These days, you can adjust your thermostat, unlock your car, file an insurance claim, track your weight, or even track your kids from your smartphone. We’re doing more with our devices every day, and as smartphones become smarter, companies are taking these opportunities to connect with customers more often and more intimately.
Mobile has moved from our pockets to our wrists; now, it’s in our homes and in the cloud. Here are some hot mobile trends to watch in 2014.
Mobile banking started off slow, but it’s a booming market today. Not only do most banks allow you to deposit a check by taking a picture from your smartphone, but more companies are jumping into the financial services industry. Google Wallet, Isis Mobile Wallet, and PayPal Beacon all provide payment options for paying with your phone at the checkout counter.
Both Google and PayPal offer cards with their accounts, and if you’re like me, you have all your autopay accounts attached to your debit card. The cool part about these services is that if you lose your card, you’ll still be able to make payments using the apps. You can move money around with ease or even cut off funding to these accounts in the event of a security breach.
Mobile isn’t just for when you’re on the go anymore. Google’s purchase of Nest for $3.2 billion is a sign that mobile integration with the home is the next phase of mobile. More and more companies are beginning to take advantage of “the Internet of things” to get customers connected with all their electronics. You can now preheat your oven from another room or take inventory of the contents of your refrigerator at the grocery store.
As the bond between humans and computers evolves, wearable tech is exploding in popularity. Pebble and Samsung were early players on the smartwatch scene, but Apple is rumored to be developing an iWatch, and Google may also be looking to release its own Android-powered smartwatch. With Glass approaching commercial release and fitness wearables like Jawbone, Nike FuelBand, and Fitbit already popular with the active set, it’s only a matter of time before we’re all wearing computers.
As more and more users rely on their mobile devices, the need to safeguard the sensitive information on them increases. Passwords are mathematically obsolete at this point, but biometrics, face-scanning tech, and fingerprint scanners are slowly making their way into our devices.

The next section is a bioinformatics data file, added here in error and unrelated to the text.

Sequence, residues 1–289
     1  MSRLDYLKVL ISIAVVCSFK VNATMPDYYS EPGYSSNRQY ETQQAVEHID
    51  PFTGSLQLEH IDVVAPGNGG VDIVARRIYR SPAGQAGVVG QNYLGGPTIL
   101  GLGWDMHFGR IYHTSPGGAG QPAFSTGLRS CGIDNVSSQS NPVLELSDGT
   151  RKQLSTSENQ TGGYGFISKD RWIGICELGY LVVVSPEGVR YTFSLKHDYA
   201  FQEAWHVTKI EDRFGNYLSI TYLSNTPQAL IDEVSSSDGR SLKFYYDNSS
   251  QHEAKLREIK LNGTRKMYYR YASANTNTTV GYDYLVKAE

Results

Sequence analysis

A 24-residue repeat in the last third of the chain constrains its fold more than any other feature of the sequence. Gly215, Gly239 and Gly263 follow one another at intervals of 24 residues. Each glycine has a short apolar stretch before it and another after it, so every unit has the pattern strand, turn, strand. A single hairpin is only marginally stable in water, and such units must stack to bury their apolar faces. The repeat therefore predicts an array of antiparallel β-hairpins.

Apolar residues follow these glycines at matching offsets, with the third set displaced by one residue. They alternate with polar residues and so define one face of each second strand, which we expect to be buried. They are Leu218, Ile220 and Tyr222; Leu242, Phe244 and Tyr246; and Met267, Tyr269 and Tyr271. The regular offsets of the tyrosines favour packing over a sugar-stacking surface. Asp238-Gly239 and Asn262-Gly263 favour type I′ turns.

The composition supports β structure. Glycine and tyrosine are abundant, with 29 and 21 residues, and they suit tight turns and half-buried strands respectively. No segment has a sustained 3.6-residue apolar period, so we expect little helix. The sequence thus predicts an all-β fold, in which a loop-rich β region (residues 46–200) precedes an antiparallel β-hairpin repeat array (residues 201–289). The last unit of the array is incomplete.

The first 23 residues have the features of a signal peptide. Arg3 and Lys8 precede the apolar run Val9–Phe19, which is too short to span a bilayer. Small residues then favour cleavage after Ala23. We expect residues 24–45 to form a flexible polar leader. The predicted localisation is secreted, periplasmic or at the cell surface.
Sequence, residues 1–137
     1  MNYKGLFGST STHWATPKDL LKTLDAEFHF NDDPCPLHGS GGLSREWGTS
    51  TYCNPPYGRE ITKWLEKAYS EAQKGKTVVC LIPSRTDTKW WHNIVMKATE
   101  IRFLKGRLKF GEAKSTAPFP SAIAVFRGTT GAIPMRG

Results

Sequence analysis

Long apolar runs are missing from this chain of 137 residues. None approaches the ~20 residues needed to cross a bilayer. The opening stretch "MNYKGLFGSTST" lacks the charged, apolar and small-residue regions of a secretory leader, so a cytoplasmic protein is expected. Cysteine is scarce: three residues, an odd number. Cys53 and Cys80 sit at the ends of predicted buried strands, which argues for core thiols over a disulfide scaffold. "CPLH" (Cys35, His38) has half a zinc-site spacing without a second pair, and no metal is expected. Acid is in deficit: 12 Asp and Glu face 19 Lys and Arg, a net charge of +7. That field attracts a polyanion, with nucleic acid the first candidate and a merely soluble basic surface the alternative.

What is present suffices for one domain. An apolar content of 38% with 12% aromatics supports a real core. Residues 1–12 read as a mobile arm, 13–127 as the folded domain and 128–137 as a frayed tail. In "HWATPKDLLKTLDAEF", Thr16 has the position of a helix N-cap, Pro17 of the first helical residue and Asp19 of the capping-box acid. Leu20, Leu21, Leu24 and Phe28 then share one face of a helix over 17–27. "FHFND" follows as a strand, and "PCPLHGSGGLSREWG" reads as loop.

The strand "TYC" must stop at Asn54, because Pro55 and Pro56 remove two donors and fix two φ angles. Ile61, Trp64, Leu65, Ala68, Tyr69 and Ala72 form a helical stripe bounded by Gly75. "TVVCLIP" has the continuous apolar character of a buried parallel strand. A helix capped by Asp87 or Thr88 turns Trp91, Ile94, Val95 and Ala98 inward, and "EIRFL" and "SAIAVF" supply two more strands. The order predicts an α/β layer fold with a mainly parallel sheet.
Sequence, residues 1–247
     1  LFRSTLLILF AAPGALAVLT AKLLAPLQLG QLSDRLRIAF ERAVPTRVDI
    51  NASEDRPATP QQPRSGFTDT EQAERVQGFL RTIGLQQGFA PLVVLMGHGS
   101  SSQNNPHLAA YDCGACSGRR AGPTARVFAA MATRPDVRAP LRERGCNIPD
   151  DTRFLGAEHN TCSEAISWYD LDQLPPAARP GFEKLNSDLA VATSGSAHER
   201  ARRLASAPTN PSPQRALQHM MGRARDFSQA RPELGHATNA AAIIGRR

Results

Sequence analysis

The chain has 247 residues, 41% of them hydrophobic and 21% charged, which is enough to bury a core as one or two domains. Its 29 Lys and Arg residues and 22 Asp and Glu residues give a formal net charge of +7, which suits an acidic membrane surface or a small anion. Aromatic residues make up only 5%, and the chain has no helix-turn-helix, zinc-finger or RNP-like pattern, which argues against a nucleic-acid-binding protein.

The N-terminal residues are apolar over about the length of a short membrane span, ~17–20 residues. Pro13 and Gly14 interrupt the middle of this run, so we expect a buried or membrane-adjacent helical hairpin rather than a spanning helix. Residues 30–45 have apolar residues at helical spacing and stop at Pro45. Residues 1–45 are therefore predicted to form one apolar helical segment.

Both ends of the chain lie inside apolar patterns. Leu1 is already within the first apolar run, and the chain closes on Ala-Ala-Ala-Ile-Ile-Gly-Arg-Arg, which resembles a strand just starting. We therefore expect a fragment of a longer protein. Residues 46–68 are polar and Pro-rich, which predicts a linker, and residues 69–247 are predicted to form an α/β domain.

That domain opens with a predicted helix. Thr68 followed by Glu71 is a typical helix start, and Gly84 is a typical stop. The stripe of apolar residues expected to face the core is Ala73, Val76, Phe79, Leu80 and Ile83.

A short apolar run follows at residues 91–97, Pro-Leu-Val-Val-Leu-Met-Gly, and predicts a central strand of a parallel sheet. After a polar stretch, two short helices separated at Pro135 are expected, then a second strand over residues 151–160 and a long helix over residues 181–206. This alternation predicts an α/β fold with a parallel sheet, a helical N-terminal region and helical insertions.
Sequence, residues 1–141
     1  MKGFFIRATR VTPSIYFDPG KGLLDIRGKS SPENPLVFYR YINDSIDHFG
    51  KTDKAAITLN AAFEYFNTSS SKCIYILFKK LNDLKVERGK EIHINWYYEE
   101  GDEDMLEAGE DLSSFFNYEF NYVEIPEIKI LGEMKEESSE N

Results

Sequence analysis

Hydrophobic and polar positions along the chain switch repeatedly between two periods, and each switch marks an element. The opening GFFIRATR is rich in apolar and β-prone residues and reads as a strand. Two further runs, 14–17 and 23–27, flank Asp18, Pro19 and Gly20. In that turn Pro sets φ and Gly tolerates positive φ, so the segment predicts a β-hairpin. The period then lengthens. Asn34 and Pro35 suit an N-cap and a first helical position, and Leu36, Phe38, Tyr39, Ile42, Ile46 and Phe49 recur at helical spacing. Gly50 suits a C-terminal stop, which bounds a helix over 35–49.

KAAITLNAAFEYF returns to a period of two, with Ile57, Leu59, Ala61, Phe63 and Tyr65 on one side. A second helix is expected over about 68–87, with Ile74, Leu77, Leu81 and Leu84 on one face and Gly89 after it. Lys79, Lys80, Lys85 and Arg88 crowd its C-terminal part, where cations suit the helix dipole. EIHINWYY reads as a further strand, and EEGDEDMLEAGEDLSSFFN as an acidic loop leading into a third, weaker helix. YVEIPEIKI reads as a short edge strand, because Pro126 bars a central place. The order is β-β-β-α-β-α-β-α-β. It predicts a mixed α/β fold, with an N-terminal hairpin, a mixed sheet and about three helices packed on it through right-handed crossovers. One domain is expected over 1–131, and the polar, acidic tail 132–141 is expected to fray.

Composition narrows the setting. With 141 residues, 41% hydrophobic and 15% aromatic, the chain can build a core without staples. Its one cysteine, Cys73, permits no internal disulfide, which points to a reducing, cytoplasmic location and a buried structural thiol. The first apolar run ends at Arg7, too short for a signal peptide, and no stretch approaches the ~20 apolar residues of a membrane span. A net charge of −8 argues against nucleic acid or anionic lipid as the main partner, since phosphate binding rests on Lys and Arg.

The iPhone’s Touch ID security is just the beginning. Rumor has it that the Samsung Galaxy S5 will feature a fingerprint scanner, while the Galaxy S4 already can track users’ eye movements to pause a video if they look away from the screen.
It wasn’t long ago that mobile sites were viewed as a side project, but that view is quickly changing. People are spending more and more time browsing the web from their mobile devices, and that time will only increase.
Marketers have responded to this shift by boosting their spending on advertising on mobile channels, while many web designers are focusing more on mobile sites and apps than the desktop experience. Look for mobile websites (and browsers) to become more sophisticated in 2014.
In 2014, we’re going to see more data shift to the cloud. Both Adobe and Microsoft moved their software suites to the cloud to prevent piracy, Salesforce.com is poised for enormous growth, and all the major players are fighting for a piece of the data pie.
If you think Amazon and Google are going to be the only ones in the cloud services death match, think again. IBM, Microsoft, Verizon, and even CenturyLink all have some skin in the game.
As the year progresses, we’re going to see a bigger shift toward a completely integrated mobile experience. Tasks that were once cumbersome or impossible to complete on our smartphones are going to become second nature.
Forget being able to watch a YouTube video on your TV. You can now turn down the thermostat, preheat the oven, and have your refrigerator tell you to run to the grocery store without ever leaving the couch. (Heck, when Amazon masters same-day delivery via drones, your refrigerator will tell Amazon to do the shopping for you.)
It’s only a matter of time before the mobile/offline experience is completely seamless. The trick will be getting off the couch so your smartwatch won’t tell your iPhone you need more exercise.
Ioannis Verdelis is the cofounder and COO of Fleksy, a revolutionary keyboard that makes typing on a touchscreen so easy you can type without even looking. Ioannis is a member of many entrepreneurial organizations, including the Young Entrepreneur Council, Empact Sphere, Startup America, and more. Connect with him on Twitter.